MARRAKECH, Morocco — Abdenabi Nouidi sold his favorite horse for $150 to help feed the others on the team that pulls tourists in carriages through the buzzing streets of Marrakech, and he is still scared about the future for the others.
The prospect of starvation looms for carriage horses and other animals normally used in Morocco's tourist mecca., since visitors have vanished during the coronavirus pandemic.
The Society for the Protection of Animals Abroad, or SPANA, says hundreds of Morocco's carriage horses and donkeys are threatened amid the collapsing tourism industry. They are among the estimated 200 million horses, donkeys, camels and elephants worldwide providing various livelihoods for over a half-billion people.
The North African kingdom closed its doors to outsiders after the first virus case was confirmed March 2. It also recently issued a ban on domestic travel to eight cities, including Marrakech.
Thousands of people in the city depend on the carriage horses for their livelihood. A single horse carriage in Marrakech supports four to five families, including owners, drivers and stable boys, driver Abdeljalil Belghaoute said.
He spoke from his carriage, waiting in a line near the famed Jamaa El Fnaa square, hoping that someone would want a ride.
'If you have a shop, you can close it. If you sell goods, you store them. But imagine having … horses who need to eat, drink and get medical care," said Abdeljalil Nouidi.
For two decades, the four Nouidi brothers have taken tourists on sightseeing jaunts in horse-drawn carriages. Now they have empty pockets and mouths to feed, both at home and at the rundown complex outside Marrakech where drivers stable their horses.
The brothers were forced to sell seven of their horses in July. Abdenabi Nouidi's favorite, Cocotte, was among them.
"This is not something I can easily forgive myself for," he said, recalling a promise he made to Cocotte 15 years ago to keep him forever.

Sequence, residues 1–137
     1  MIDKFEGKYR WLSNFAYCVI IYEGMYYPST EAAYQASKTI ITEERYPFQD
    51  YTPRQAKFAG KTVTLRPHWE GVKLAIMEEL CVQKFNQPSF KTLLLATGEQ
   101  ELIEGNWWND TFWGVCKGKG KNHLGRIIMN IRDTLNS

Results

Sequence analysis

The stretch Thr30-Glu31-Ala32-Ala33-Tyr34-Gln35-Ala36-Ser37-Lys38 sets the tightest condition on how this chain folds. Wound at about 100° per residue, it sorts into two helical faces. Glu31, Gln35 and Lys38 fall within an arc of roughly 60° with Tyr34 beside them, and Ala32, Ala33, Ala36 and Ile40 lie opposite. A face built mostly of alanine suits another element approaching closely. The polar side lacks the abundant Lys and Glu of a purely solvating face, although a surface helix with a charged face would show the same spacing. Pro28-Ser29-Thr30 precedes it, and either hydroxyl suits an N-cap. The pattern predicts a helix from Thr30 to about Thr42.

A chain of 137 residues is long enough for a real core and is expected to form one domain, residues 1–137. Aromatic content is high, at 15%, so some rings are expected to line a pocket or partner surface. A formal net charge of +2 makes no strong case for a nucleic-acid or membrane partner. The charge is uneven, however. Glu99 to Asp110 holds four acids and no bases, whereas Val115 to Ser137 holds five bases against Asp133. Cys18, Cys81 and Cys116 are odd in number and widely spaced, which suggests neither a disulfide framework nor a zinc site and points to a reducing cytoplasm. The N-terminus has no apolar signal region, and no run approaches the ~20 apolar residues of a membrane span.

The Nouidi brothers say their horses are visibly nervous and know an abrupt change in their lives may be coming. With no carriage work, the horses' routine has been disrupted, feed is running low and stablemates are leaving for good.
SPANA helped carriage owners provide the basics for their horses when the COVID-19 pandemic reached Morocco. It delivered three months' worth of feed to almost 600 horses in the city and the neighboring town of Aït Ourir during the country's lockdown.
"It became very clear to us when the lockdown was first imposed that many of Marrakech's working animals would need our help or face a dire outcome," said the head veterinarian at SPANA's Marrakech center, Hassan Lamrini.
The center, in a working-class neighborhood, is a mecca for the city's thousands of working animals. Since 1988, the team of vets and technicians have cared for donkeys, mules and horses free of charge.
Lamrini said the center has treated an increasing number of cases of colic, an abdominal pain that causes complications in the digestive system, often due to malnutrition. Colic can be fatal.
"There is not much in the world that matters to me more than caring for these animals. They are my entire life," said Boujamaa Ninich, who has dedicated 50 years to working with SPANA. He spends weeks on end sleeping in a little room at the center to ensure the animals are cared for after dark.
"They give so much to their owners. There is so little that we can give back,' he said.
Marrakech was nearly at a standstill on a recent visit. The Jamma El Fnaa square, a vast area with hawkers, food vendors and snake-dancers, was nearly deserted.
"Only tourism can save us from this catastrophe we're facing," said Belghaoute, the carriage driver hoping for a fare.
The Moroccan government earlier this year launched a social media campaign to encourage citizens to explore their country, but spiking numbers of COVID-19 cases led to the travel ban for eight of the country's top tourist cities.
Authorities counted 28,500 infections and 435 deaths as of Thursday, but experts say all counts in all countries understate the true toll of the pandemic, due to limited testing, missed mild cases and other factors.
"The longer this goes on, horses and families will struggle to survive. We're really scared by how bad this can get," Belghaoute said.